Do these kangaroo feathers look like emu plumes to you?  :-)  (public domain)

Less daunting and much more exotic is the feathered kangaroo. The main claim to fame of this elusive creature is that its long white plumes are used to decorate the head-dress of certain Australian soldiers, namely the Australian Imperial Force (AIF) light horsemen.

To the uneducated eye, these look remarkably like emu plumes, but when asked, the AIF themselves are happy to confirm, with straight faces manfully employed, that they are indeed kangaroo feathers.

Artistic representation of the gunni in life (© Connor Lachmanec)

Whereas North America has the jackalope, Australia boasts the gunni – an eyecatching marsupial equivalent, consisting of a wombat sporting a showy pair of antlers. To date, however, only one example has been procured – the handsome taxiderm specimen, complete with striped back and hindquarters, plus a distinct tail, formerly on display in the visitors’ information centre at the tourist town of Marysville in Victoria. It was presented to the centre by local ranger Miles Stewart-Howie, together with a detailed account of this pseudo-species’ equally fictitious history, which was duly displayed alongside it.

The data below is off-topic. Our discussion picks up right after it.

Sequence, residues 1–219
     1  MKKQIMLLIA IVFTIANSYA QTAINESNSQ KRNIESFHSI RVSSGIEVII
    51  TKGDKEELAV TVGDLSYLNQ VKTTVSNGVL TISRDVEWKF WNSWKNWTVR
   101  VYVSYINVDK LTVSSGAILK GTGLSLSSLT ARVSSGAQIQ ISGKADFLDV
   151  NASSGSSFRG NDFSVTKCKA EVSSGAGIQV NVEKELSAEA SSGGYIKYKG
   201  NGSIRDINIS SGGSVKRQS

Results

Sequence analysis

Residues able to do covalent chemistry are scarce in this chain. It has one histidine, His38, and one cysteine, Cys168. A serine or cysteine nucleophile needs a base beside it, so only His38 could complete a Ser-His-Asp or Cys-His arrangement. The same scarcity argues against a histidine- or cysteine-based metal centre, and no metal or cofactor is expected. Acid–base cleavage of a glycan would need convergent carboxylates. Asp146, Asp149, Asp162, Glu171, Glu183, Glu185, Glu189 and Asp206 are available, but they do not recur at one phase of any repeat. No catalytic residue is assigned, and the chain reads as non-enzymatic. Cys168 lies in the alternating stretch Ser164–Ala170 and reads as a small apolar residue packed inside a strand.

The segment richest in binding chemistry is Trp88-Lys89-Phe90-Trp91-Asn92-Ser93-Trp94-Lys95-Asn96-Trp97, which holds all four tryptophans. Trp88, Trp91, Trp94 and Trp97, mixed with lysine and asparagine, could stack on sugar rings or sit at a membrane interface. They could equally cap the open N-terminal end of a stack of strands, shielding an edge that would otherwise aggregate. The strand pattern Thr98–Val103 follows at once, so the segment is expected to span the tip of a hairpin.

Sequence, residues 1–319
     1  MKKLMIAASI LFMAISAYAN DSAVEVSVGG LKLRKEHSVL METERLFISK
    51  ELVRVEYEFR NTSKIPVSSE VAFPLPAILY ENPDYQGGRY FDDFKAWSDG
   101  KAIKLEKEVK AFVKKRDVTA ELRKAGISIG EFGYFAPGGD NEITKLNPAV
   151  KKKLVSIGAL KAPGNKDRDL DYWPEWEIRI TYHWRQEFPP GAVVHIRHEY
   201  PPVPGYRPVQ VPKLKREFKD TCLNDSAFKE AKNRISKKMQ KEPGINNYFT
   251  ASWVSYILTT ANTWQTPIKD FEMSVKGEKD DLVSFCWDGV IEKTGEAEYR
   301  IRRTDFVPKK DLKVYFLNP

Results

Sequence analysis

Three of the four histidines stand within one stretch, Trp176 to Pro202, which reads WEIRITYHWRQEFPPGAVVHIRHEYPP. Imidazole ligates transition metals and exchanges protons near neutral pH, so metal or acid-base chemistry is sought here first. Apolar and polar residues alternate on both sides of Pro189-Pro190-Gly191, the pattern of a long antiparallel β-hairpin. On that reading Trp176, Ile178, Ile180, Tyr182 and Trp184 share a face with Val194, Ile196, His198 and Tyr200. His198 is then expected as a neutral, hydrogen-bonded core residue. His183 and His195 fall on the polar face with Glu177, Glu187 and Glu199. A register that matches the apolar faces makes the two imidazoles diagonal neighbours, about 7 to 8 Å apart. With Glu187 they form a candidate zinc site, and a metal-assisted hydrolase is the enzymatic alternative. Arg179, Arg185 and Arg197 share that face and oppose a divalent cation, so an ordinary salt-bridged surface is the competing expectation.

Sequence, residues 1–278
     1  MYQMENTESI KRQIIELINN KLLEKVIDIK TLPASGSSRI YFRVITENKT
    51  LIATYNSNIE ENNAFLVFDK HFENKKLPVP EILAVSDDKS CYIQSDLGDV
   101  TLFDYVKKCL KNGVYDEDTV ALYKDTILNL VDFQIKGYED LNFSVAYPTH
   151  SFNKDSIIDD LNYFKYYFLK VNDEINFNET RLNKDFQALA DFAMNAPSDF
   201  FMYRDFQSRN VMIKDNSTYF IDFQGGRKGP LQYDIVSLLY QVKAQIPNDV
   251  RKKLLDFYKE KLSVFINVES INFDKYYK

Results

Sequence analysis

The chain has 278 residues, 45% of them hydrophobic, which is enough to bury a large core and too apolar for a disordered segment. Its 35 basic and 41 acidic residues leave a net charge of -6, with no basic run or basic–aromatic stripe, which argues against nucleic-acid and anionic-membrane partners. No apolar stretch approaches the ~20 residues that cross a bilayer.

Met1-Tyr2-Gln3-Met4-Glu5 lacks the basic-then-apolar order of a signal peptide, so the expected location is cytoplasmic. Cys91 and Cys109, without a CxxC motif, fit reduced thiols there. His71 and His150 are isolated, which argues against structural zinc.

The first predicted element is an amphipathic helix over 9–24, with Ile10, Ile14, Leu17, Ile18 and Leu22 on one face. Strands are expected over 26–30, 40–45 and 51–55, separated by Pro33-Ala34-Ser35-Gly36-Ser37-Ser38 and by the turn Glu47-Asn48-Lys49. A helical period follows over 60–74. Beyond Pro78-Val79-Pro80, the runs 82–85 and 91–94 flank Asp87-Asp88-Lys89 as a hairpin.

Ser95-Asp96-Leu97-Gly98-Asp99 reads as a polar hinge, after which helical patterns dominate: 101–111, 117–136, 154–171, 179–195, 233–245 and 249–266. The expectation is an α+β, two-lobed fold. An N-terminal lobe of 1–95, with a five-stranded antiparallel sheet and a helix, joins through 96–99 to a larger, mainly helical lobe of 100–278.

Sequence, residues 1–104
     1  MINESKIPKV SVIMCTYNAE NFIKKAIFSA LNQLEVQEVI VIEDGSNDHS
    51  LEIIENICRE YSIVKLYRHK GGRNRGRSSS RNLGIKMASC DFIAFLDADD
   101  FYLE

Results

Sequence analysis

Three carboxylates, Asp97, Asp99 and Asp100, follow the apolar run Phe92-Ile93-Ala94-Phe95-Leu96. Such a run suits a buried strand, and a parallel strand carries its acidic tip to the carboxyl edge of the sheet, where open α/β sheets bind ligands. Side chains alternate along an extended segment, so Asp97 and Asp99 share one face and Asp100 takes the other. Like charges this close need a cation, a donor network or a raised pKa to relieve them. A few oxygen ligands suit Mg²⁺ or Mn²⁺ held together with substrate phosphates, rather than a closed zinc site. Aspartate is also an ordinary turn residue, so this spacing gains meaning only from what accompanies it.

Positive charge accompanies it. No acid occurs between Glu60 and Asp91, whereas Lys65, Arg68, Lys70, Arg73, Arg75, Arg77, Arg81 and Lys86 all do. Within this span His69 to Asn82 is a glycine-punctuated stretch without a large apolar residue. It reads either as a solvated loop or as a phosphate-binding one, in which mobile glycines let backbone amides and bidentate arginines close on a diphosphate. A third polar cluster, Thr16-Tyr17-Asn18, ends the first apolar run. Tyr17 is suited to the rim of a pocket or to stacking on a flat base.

Tragically, however, this unique specimen was destroyed when the centre burnt down during the major onslaught of bushfires that raged through Victoria during February 2009.

The only known preserved specimen of the gunni, now destroyed (© Ken Irwin)

Staying with the subject of fabricated fauna Down Under: According to local tradition, a peculiar fish inhabited a single water-hole in Queensland’s Burnett River. Superficially, it resembled the Australian lungfish Neoceratodus forsteri that also lived in this river, but was instantly distinguished from that latter species and indeed from all known fishes by virtue of its long flat spatula-shaped beak.

19th-Century engraving of the Australian lungfish (public domain)

Dubbed the ompax by Australian ichthyologist Count Castelnau during the 1870s, a single specimen of it was eventually obtained, and its species was formally christened Ompax spatuloides. During the 1920s, however, the true nature of this specimen, and the ompax as a whole, was exposed, when a writer discovered that the specimen had been cleverly constructed from the body of a mullet, the tail of an eel, and the beak of a platypus! Exit the ompax from the ichthyological catalogue!